New Internationalist

Dictatorship of no alternatives

Issue 394

Richard Swift reports on how an internationalist vision fell among the wolves.

Nicole was born in Brussels but feels like it is two different cities these days. ‘Only EU people eat in these fancy restaurants now,’ she says gesturing to a couple of eateries for the well-heeled on either corner from where we are standing. Even allowing for a bit of hyperbole, you can understand her point of view. She grew up in an army family with her dad a poorly paid corporal. They lived in what is now called ‘The Quarter’ – four square kilometres of some of the most expensive real estate in Europe which the European Union has called home since the 1980s. At that time Nicole recalls how her family was forced to move because the landlords, being landlords, sensed an opportunity to ‘make a buck’ and evicted existing tenants in order either to increase rents or to put housing stock under the wrecker’s ball and allow for lucrative development.

The relationship between the EU and Brussels and the usurped tenants of the old Quartier Leopold is, in its way, a metaphor for what is wrong with the EU as a whole – a worthy internationalist vision fallen amongst political wolves and corporate sharks. From its origins the EU, has been a top-down imposition with a minimum of democratic consultation. While it has achieved much that is worthwhile, it remains plagued by its autocratic origins and is used by those with power and wealth to obtain more.

The Quarter is a very odd place indeed. Its only life occurs during office hours and it’s pretty much a dead zone in the late evenings or at weekends. Some 85,000 to 90,000 people work here in the various institutions that make up the EU – the Council, the Commission, the various ministries or sub-directorates and a plethora of support institutions.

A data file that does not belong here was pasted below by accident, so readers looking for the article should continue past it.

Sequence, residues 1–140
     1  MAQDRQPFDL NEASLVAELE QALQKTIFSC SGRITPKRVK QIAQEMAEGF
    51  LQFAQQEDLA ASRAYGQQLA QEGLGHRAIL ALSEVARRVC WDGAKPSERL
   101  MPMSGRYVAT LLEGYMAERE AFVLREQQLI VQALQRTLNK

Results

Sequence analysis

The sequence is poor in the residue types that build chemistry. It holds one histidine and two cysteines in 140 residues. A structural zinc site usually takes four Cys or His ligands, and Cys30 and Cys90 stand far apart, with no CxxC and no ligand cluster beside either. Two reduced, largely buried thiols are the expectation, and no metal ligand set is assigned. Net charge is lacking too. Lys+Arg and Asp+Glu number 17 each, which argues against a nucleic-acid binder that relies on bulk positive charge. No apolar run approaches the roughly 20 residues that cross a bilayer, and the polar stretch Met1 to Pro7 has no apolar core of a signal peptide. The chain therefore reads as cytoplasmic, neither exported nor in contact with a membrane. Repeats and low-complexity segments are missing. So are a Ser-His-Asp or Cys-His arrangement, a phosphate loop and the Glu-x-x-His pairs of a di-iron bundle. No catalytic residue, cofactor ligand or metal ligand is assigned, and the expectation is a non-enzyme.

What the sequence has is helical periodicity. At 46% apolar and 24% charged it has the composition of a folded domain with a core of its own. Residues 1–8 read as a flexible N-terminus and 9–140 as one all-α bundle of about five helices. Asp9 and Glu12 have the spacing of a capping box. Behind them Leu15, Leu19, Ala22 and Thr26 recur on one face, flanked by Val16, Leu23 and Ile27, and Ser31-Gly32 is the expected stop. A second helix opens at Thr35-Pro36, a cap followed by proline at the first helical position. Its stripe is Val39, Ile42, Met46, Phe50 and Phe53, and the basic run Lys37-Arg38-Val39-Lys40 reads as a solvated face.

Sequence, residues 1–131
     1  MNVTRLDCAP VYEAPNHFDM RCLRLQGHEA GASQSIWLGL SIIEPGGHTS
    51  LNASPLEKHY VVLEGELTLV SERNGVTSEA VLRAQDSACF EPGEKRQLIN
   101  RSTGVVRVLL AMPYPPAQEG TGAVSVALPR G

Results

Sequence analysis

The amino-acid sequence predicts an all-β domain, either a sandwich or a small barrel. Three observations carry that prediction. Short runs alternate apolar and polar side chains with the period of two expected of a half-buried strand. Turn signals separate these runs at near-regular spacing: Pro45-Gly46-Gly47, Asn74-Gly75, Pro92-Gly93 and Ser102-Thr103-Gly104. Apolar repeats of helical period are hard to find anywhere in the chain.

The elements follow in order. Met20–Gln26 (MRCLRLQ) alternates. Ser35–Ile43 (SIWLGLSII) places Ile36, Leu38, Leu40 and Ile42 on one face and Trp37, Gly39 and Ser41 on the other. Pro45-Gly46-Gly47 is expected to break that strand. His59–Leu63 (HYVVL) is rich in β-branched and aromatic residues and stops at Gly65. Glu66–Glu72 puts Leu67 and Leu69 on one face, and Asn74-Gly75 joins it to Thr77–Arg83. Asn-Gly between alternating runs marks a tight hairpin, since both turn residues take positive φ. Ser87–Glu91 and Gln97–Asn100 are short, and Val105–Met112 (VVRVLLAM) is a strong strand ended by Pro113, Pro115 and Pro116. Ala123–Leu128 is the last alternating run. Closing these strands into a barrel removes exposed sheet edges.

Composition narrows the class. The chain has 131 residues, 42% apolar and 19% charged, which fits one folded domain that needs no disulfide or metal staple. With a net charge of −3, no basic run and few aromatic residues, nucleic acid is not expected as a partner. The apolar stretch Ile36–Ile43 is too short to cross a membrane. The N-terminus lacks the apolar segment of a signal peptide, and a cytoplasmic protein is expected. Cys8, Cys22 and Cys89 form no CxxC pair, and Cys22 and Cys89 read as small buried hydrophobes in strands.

Here as well are those who want to be near the levers of power, over 15,000 lobbyists – 80 per cent from the corporate world – who try to ‘facilitate’ (ie shape) the EU’s decision-making process. All the big names are here, not only the big transnationals such as BP and Bouygues but the giants of public relations like Burston-Marsteller and Hill and Knowlton. There is a plethora of corporate lawyers, trade associations, forums and clubs where industry can rub shoulders with EU bureaucrats and Members of Parliament (MEPs). You might think the Forum for the Automobile and Society is about reining in the car industry? Guess again. This is the greatest gathering of lobbyists in the world and you know they wouldn’t be paying all those high Quarter rents if it weren’t worth their while.

Proximity is power

Proximity has its uses. Think of the office of the BASF chemical giant on the sixth floor, with the European Patent Office just downstairs on the ground floor. Or UNICE, the European Employers Federation’s, the main building of which is just across the street from the EU Director General for the Internal Market. ‘John, why don’t you nip across to the DG Market’s office and see if you can put some backbone into them over this silly trade union stubbornness on flexible labour standards’ – proximity is power.

The notion of happy-face Europe is propounded by the lavishly funded EU Public Affairs Office, form within the same building as Philip Morris, one of the world’s biggest tobacco companies, hatches its schemes. Little wonder the PR folks prefer a smooth technocratic process, where the conflicting passions of politics are kept to a minimum. The Public Affairs Office is running a cheery contest to design a new logo for the EU’s birthday. It’s all squeaky clean and onwards and upwards in EU-speak. No mention here of corruption, alienation or lost referendums.